Fordham University has punished a senior student for posting on Instagram an image memorializing the Tiananmen Square massacre in China.
The Foundation for Individual Rights in Education, or FIRE, responded with a letter to the university defending the student, Austin Tong. Fordham put Tong on probation, banning him from campus and requiring him to undergo indoctrination.
He had posted on Instagram an image of himself, off campus, holding a legally obtained gun. He added the caption, "Don't tread on me."
Tong, who emigrated from China as a child, posted the image on the 31st anniversary of the massacre of pro-democracy activists. He included an American flag emoji, a China flag emoji and a hashtag commonly used by Chinese citizens to avoid censorship of online discussions of the massacre, FIRE said.
"When Tong immigrated to the United States from China at six years old, his family sought to ensure that he would be protected by the rights guaranteed by their new home, including the freedom of speech and the right to bear arms," wrote Program Officer Lindsie Rank, author of FIRE’s letter to Fordham.
"Here, however, Fordham has acted more like the Chinese government than an American university, placing severe sanctions on a student solely because of off-campus political speech."
FIRE protested to Fordham for placing Tong on probation for the image and a previous one, a photo of David Dorn, the retired St. Louis police captain killed by looters in the unrest following the killing of George Floyd.
The image included the caption, "Y'all a bunch of hypocrites." Tong, as a supporter of Black Lives Matter, was expressing frustration with what he described as "the nonchalant societal reaction over [Dorn’s] death."
The university put him under investigation. Dean of students Keith Eldredge eventually informed Tong he was guilty of violating university policies on "bias and/or hate crimes" and "threats/intimidation."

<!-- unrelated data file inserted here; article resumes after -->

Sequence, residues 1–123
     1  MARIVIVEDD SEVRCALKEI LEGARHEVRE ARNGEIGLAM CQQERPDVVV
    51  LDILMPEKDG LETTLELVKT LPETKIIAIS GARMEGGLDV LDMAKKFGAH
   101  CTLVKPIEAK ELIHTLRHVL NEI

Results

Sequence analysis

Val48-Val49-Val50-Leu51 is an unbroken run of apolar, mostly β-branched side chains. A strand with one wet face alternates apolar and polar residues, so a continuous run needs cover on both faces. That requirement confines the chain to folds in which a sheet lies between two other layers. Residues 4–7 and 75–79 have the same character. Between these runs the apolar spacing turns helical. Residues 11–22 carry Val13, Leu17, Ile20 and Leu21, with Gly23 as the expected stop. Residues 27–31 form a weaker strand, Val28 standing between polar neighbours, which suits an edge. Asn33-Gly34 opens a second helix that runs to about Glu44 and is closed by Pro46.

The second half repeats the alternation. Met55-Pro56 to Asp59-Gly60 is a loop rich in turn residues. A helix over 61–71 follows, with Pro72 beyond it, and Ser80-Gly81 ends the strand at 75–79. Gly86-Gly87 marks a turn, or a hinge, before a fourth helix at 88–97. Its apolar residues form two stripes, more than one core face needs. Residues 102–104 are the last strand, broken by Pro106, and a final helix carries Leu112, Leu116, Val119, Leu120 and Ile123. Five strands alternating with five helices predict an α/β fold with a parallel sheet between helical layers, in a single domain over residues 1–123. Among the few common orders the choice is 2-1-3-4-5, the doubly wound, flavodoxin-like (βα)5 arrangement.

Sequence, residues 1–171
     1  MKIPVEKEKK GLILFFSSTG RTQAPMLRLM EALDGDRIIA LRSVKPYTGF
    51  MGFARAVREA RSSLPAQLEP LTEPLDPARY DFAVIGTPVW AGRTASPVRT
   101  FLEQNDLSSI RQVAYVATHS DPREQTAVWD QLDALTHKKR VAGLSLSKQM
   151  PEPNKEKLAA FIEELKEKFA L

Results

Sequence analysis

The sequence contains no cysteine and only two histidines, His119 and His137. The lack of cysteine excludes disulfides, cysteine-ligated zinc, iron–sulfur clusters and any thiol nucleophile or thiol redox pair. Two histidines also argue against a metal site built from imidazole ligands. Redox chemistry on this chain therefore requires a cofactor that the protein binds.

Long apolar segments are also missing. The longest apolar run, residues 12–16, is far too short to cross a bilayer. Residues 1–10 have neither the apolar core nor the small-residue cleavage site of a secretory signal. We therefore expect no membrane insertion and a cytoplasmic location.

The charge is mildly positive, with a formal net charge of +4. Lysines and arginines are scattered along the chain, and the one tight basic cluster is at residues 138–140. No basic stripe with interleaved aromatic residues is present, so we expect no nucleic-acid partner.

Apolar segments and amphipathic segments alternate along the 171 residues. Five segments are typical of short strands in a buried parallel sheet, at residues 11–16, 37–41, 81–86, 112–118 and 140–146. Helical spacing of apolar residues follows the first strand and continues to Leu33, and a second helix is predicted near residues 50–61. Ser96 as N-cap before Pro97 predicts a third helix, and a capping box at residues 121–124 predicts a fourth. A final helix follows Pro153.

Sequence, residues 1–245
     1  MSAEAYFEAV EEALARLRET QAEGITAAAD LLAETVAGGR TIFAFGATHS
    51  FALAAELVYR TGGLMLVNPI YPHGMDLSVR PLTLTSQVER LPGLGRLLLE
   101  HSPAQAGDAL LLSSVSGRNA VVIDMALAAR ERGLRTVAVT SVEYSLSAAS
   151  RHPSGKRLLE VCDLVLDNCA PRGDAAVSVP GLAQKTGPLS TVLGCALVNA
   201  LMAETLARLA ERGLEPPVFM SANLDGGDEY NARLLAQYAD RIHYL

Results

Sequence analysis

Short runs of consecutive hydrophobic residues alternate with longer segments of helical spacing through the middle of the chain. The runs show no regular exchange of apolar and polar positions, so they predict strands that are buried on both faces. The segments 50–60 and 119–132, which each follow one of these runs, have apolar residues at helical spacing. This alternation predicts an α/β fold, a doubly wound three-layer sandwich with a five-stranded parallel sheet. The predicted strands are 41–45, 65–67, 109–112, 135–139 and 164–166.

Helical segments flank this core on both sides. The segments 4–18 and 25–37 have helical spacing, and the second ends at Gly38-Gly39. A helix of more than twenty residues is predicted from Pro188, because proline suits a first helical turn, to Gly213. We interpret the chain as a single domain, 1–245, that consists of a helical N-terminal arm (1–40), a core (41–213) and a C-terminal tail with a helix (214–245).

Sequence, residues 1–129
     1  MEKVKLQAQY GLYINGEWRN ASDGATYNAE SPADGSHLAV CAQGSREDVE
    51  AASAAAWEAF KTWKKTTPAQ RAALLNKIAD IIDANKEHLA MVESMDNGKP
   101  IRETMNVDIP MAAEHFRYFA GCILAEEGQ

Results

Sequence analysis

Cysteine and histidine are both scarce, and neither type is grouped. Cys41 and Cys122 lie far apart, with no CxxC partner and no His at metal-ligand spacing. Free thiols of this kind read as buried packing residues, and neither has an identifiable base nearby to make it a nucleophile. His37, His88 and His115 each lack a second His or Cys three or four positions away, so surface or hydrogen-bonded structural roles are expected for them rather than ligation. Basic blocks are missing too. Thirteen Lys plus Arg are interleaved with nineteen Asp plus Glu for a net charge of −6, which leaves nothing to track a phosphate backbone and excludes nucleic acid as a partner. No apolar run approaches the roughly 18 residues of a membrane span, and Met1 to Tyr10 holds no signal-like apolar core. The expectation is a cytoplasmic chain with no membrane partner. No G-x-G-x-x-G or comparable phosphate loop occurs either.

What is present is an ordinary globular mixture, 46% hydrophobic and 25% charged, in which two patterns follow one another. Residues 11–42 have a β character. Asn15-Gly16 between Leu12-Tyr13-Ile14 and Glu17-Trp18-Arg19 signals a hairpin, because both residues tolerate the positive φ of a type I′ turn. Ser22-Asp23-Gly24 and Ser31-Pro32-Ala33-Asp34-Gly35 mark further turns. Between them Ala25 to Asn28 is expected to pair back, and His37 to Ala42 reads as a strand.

Tong’s probation bans him from visiting campus without prior approval, taking leadership roles in student organizations and participating in athletics. He is also required to complete implicit bias training and write an apology letter.
"While what happened to me is a total disgrace, I hope to use my example as an opportunity for the millions of people out there that fear to freely speak, and to protest the serious case of speech censorship in college campuses," said Tong.
"As the country is facing a disastrous constitutional crisis, it is no time to stay silent, and we have been silent for way too long. It only takes the courage of the few to spark the patriotism of many. We will use this opportunity to let the world know that now is the time that we must speak loudly, fight for our rights, and let those who silence speech know they will face consequences."
FIRE explained that as a private institution, Fordham is not bound by the First Amendment. But it is bound by the explicit, repeated and unequivocal promises of freedom of expression it makes to its students, including in its own mission statement: "Fordham strives for excellence in research and teaching and guarantees the freedom of inquiry required by rigorous thinking and the quest for truth."
FIRE already has given its worst rating to Fordham on FIRE's list of "Worst Colleges for Free Speech."
FIRE noted a state court ruled last year that Fordham violated its promises of freedom expression in censoring a pro-Palestinian student organization. Fordham has appealed the decision.